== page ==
I'd like to have Ron Gardenhire over to my dorm room for dinner one night, so I can further investigate this matter.

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As a special tribute to Jose Offerman, I would like to present to you now the third entry in the history of Aaron's Baseball Blog, written nearly 19 months ago.


"You're full of (expletive)"

By Aaron Gleeman

August 2, 2002

The Red Sox (finally) released Jose Offerman. Unlike everyone else who pays attention to major league baseball, this apparently came as a huge shock to Jose.

And, in his state of shock, Offerman had some interesting things to say (according to MLB.com):

"You're full of (expletive)," Offerman told [Mike] Port.

This after Port (the Red Sox GM), according to news stories, flew to Texas to personally inform Offerman of the decision.

"I ain't got nothing to say," Offerman said. "You guys (messed) me up, that's what I have to say."

Whenever someone says, "I ain't got nothing to say" and "that's what I have to say" in the same sentence, you know you have an A+ quote.

Also, I find it amusing when writers (or editors maybe) decide to substitute different words for something a player says. So, for Offerman, "You guys f---ed me up" becomes "You guys messed me up." Gotta love that.

As long as they are (presumably) changing things, why didn't anyone substitute something for "(expletive)"? I have a few suggestions:

- "You're full of whatever the equivalent to my hitting performance is."

- "You're full of professionalism."

And my favorite...

- "You're full of Selig."

As for the actual baseball aspect of his release...

As I said before, it was about time. Offerman has been in steep decline mode for about three years now and with his defensive shortcomings he is pretty much a useless player at his current level of performance.

Offerman's career in Boston is an interesting one, both because of his signing and his performance. The media generally had three phases during Offerman's tenure in Boston:

1) Immediately after his signing, Dan Duquette was almost universally ripped, mostly for letting Mo Vaughn leave.

2) During Offerman's first season in Boston, Dan Duquette was almost universally praised for signing Offerman at a fraction of the cost that it would have taken to keep Big Mo (who coincidently was beginning a pretty nice career decline himself, in Anaheim).

Stuff like, "With the money Vaughn would have gotten, the Sox got Offerman, ________ and _______."

3) Ever since Offerman's first season with the Red Sox, Dan Duquette has been almost universally ripped (yes, once again).

The three phases are wrapped up very nicely by these quotes found in the article about Offerman's release:

Phase One:

"It was a tumultuous end to Offerman's largely disappointing run in Boston. It was a tenure that started on Nov. 13, 1998, when former Red Sox GM Dan Duquette signed the switch-hitting infielder to a much-criticized four-year, $26 million contract with an option for a fifth year.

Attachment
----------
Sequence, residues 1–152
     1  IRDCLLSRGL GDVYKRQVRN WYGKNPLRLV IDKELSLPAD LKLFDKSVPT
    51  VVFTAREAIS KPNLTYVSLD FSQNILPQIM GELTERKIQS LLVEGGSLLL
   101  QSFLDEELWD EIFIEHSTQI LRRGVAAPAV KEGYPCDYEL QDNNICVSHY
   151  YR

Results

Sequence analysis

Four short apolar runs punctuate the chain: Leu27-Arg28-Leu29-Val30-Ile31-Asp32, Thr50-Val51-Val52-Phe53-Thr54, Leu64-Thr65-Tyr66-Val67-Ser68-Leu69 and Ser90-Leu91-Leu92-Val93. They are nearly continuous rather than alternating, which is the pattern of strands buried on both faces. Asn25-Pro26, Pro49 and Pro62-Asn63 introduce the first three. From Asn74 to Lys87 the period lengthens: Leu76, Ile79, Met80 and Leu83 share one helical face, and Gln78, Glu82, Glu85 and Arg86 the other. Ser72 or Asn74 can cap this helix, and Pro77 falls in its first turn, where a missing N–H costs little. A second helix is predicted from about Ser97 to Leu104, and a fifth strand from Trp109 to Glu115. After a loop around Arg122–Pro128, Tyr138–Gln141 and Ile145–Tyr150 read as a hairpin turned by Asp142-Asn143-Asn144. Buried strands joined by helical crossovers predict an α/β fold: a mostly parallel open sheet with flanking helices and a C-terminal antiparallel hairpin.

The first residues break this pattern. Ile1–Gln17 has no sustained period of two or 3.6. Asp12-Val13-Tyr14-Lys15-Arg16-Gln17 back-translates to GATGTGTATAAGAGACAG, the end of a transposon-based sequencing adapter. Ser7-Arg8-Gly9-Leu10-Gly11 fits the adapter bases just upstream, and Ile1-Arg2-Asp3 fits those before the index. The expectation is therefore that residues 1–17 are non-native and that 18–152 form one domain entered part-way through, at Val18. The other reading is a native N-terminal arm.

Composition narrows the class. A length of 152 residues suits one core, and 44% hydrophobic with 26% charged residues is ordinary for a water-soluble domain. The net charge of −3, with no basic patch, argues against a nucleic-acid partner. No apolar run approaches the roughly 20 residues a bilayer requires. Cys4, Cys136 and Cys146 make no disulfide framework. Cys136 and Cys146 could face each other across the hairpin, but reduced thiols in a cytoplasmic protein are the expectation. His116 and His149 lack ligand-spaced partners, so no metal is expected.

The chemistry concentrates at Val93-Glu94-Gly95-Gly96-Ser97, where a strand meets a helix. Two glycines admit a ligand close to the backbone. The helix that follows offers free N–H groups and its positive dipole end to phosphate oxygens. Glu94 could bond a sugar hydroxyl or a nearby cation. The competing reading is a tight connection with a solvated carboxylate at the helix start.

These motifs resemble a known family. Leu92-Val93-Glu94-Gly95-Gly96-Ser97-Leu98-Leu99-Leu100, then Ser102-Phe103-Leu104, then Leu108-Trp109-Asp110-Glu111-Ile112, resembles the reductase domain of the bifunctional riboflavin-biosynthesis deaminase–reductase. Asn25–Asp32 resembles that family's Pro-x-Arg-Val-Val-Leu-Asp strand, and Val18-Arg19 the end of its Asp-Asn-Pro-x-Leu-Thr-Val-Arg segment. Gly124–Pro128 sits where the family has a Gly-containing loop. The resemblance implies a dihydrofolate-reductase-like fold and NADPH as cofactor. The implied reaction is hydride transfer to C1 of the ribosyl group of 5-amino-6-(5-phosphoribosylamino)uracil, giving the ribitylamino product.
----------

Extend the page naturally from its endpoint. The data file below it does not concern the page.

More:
The timing of the signing couldn't have been worse, as the Red Sox had just parted ways with popular slugger Mo Vaughn. Duquette said at the time that Offerman could replace Vaughn's "on-base capability", and from that moment on, the move became a favorite target of Duquette's critics."

Phase Two:

"Offerman did have a solid first year in Boston, earning a trip to the All-Star Game, which was played at Fenway Park. He led off and played second base in that '99 season, helping the team's run to the ALCS by hitting .294, scoring 107 runs, hitting 37 doubles and leading the AL with 11 triples."

Phase Three:

"But he came nowhere near that level in the three ensuing seasons. In fact, he never hit as high as .270 or scored more than 76 runs. This season, Offerman was hitting .232 with four HRs and 27 RBIs. His last game with the Red Sox was a loss to the Orioles on Friday night, when he lost track of outs and got doubled off on a flyball to end an inning."

I actually think the Offerman signing was a decent one - not a great one, but certainly not a horrible one. To me it seemed like a reasonable contract, in both length and dollar amount for a 29-year-old second baseman coming off of a year in which he had a .400+ on-base percentage and 45 stolen bases. Offerman was a certified leadoff man, having had an OBP of .380 or higher in three of the four years prior to signing with Boston.

In hindsight, of course, it looks pretty bad. Although the Sox did get one very good season from Offerman, in which they made it to the AL Championship Series.

Jose Offerman in Boston: Four years/$26 million

1999: 586 AB .294/.391/.435

2000: 451 AB .255/.354/.359

2001: 524 AB .267/.342/.374

2002: 237 AB .232/.325/.325

I am sure Sid Thrift (Baltimore's GM) is on the phone with Offerman's agent right now.

*****Comments? Questions? Email me!*****